My Turn, Kevin L. Wilson: ‘Go tell the Spartans;’ remembering war dead is a timeless tradition
“Go tell the Spartans, stranger passing by, that here obedient to their laws we lie.”
This immortal quote, attributed to the poet Simonides, is perhaps the most well-known and oft cited martial axiom in existence. Why? Because it captures the essence of selfless sacrifice against impossible odds, which is an idea that many people find compelling even today. As a graduate student at UNCC, I visited the site in Greece where the Battle of Thermopylae occurred, and it was there that my professor described the battle and interpreted the inscription (which was in Greek). Upon realizing what the poet was getting at, I was nearly moved to tears.
“Why tears?” you ask. Because along with being a student and now teacher of history, I have spent most of my life engaged in military service. Joining the Air Force in 1986, I spent decades preparing for and, on occasion, experiencing war from deployed and home station standpoints. Stories of suffering, sacrifice and death on the battlefield affect me on a highly personal level, and when I decided to attend college, it was only natural that I would be drawn to the study of military history.
Given that background, the Simonides quote was always going to resonate, and I am happy to report that I never tire of considering its meaning and discussing it with other people whenever I can.
Speaking of resonance, I must admit to being dismayed by and, yes, somewhat angered by the ongoing controversy over Confederate monuments, which culminated in the attack on the Silent Sam statue in Chapel Hill. While it serves no purpose to regurgitate arguments both for and against this particular statue, I will say that after considerable research into the matter (including visits to similar monuments across the Southeast), I discovered that people who wish to topple them are at best misguided, and at worst blatantly dishonest and irritatingly political in their motivations.
The question looms large: what are Confederate monuments, and what do they signify? Without getting too deep into the psychological weeds of why people erect monuments in the first place, these examples, which number in the hundreds and even thousands across the United States (yes, there are examples in Northern states), are essentially calls for the remembrance of soldiers who died in battle; often heroically and against impossible odds. Most Confederate monuments say as much on the associated inscriptions, which are in many cases poetically profound. In their way, they all say essentially the same thing: “Remember us.” “Remember us.”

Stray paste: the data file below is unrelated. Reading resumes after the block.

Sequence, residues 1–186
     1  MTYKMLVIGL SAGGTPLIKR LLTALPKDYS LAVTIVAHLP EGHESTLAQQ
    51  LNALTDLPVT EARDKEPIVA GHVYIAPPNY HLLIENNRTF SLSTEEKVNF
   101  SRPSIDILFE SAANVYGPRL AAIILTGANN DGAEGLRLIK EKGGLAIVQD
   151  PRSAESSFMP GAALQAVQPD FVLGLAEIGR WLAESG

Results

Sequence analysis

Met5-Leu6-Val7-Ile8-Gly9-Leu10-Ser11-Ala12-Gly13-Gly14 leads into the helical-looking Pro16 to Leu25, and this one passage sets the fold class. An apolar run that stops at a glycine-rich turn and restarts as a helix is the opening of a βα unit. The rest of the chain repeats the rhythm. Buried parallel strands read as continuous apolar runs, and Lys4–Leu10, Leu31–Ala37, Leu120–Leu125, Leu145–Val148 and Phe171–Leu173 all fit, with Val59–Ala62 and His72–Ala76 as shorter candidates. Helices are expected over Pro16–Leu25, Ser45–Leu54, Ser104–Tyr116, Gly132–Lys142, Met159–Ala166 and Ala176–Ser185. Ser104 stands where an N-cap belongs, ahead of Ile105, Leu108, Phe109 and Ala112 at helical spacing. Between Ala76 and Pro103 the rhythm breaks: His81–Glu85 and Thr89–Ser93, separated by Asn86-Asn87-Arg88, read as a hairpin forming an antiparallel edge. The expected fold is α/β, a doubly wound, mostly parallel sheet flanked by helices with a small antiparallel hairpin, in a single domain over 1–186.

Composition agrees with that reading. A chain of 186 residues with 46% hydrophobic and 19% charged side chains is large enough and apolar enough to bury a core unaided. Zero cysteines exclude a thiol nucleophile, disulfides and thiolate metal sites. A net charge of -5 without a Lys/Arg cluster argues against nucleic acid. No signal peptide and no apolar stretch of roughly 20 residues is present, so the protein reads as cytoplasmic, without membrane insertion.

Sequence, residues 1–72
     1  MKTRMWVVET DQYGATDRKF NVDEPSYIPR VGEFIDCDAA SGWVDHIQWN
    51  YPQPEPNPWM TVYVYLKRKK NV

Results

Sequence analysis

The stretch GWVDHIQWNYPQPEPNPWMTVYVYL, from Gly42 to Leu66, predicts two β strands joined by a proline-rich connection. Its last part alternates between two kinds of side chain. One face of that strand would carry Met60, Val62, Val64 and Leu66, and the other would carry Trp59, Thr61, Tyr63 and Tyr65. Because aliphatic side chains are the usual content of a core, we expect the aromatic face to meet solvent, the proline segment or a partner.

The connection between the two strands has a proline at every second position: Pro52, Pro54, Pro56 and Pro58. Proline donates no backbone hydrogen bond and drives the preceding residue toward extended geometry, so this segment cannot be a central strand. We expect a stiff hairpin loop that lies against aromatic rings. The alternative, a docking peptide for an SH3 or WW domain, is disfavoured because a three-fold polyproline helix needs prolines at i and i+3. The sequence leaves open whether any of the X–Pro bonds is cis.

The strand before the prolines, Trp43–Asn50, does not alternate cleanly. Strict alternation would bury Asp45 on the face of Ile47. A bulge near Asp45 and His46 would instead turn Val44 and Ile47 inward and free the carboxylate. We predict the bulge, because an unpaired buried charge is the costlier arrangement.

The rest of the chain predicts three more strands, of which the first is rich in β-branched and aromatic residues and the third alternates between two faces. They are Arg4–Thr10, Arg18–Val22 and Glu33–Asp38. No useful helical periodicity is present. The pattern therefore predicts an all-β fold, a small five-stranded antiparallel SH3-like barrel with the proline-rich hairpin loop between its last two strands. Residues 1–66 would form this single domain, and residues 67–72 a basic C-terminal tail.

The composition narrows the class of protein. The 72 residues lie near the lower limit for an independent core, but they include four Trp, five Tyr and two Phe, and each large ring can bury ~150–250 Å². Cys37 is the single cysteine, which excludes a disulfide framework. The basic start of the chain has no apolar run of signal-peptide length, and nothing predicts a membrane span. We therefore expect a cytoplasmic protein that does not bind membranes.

My personal favorite is from the monument in Stanly County:
“THE TUMULT AND THE SHOUTING DIES.
THE CAPTAINS AND THE KINGS DEPART.
LORD GOD OF HOSTS BE WITH US YET.
LEST WE FORGET—LEST WE FORGET.”
In spite of mounds of explicit physical evidence such as this, some people persist in claiming that these monuments actually resulted from conscious (and sometimes subconscious) desires of disaffected whites to mark their territory and reestablish supremacy following the Civil War. Such people would do well to look into the history of military monuments the world over, and ask if anything that took place in the South (which had been bled white during the war) differed remarkably from examples elsewhere. Families and friends of soldiers who die in battle always want to honor — and especially remember — the fallen: much in the manner of Simonides those millennia ago.
In these politically charged times, all of us would do well to remember that some things transcend our pettiness, desires and momentary tics. A need to remember soldiers who die in battle is one of those things, and if we decide that doing so is no longer appropriate, culturally sensitive or politically expedient, we certainly have cause to question if, and to what extent, the word “civilized” still applies to us.
Kevin L. Wilson is a soon-to-be retired Air Force veteran and Adjunct Instructor of History and Humanities at Rowan-Cabarrus Community College. He lives in China Grove.